Esquire Spread May Be Bellwether in Public Attention to Prisons


Less than 40 years ago, there was a huge shift in crime-related policy. Many believed if we increased the punishments associated with “low level” nonviolent crimes, criminals would be deterred. They were not, and our prison population exploded. Many were poor and unable to post even a $500 bond. The jail population exploded as well. The result: shattered lives and ballooning government deficits. Many believe it is time for a change.

For years, the prison population (excluding celebrity wrongdoers) has been largely invisible in media, but this month, Esquire magazine published a spread of people with their poetry that does not fit the “faceless horde” model. This, we hope, may signal a cultural shift.

On the second Tuesday of every month, a class begins in the basement of a house near the West Side of Chicago. They debate lines and prose. They write poetry full of feelings few have discussed before.

Though the learning is transformative, it isn’t part of a school curriculum. It is lead by a volunteer, Brandon Crockett, and all of the students are former inmates attempting to turn a new page in their lives. Many live in housing provided in the rooms above.

The program is held by St. Leonard’s Ministries, a nonprofit that’s served former inmates for over 60 years. In addition to both temporary and more permanent housing, the organization provides substance abuse treatment, physical and mental health services, and employment training. It serves over three hundred men and women every year. Eighty percent of the men and women completing the program sever the pipeline back to prison and jail, compared to less than 50 percent of all Illinois’ formerly incarcerated.

In the ’90s, few were interested in this impressive success rate, choosing instead to support “three strikes” and other laws extending prison terms for those convicted of nonviolent crimes. Locking them up with little mental health services and fewer employment training programs, the cycle began, and so did spending millions on confining them. Thanks to these practices, many state budgets, including Illinois’, are stuck in the red.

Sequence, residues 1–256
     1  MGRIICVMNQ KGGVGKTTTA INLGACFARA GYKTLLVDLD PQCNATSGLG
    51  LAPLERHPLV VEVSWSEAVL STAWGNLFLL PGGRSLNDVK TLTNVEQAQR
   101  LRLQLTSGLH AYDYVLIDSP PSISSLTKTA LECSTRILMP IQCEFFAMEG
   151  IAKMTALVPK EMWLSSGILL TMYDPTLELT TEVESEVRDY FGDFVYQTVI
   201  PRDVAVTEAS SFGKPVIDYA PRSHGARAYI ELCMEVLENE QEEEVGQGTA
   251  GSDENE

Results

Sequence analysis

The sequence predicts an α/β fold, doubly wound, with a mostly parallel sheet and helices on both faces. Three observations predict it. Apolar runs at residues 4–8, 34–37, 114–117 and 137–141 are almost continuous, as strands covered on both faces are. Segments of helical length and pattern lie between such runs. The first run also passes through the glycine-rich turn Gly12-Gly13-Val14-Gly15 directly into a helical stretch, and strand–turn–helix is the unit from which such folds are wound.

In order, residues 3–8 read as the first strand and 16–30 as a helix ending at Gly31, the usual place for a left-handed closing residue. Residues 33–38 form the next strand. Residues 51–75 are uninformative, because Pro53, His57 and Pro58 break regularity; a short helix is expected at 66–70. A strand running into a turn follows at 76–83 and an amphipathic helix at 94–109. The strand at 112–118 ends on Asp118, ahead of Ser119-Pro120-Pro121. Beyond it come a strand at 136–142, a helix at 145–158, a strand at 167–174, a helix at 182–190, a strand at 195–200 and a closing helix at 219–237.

According to a study released earlier this month by the Vera Institute, those in the nation’s jails are more likely to be convicted and to spend time in prison. Even a jail stay of only a couple of days increases the likelihood of broken families and unemployment. Three-quarters of those found guilty are convicted of possession of a small amount of an illegal substance or other low-level nonviolent offenses. Their stay in prison, without access to any of the essential services organization’s like St. Leonard’s provides, costs a minimum of four times more.

Every year, 12 million people are locked up in the nation’s jails. No wonder the MacArthur Foundation, who financially supports the Vera Institute’s work, recently released a request for proposals for a new funding initiative aimed at reducing America’s reliance on incarceration. The five-year, $75 million initiative will fund state and local government programs seeking to develop a more fair and effective justice system.

Breaking the nation’s reliance on jail and prison is the first step. Funding the programs that help these men and women heal and begin living productive lives is the next. To support St. Leonard’s and change the public’s views of those living in prison and jail, Brandon teamed up with world-renowned Chicago photographer Sandro Miller to create an art book of photos and poetry like the excerpt above. The book,Finding Freedom, will become a reality if the Kickstarter campaign launched last week is successful. Miller is best known for his recent project, “Malkovich, Malkovich, Malkovich: Homage to Photographic Masters,” in which he recreated some of history’s most famous portraits using the actor John Malkovich as the subject. It is now running at the Fahey/Klein Gallery in Los Angeles.

Original Cite:


Leave a Reply

Fill in your details below or click an icon to log in: Logo

You are commenting using your account. Log Out /  Change )

Google+ photo

You are commenting using your Google+ account. Log Out /  Change )

Twitter picture

You are commenting using your Twitter account. Log Out /  Change )

Facebook photo

You are commenting using your Facebook account. Log Out /  Change )


Connecting to %s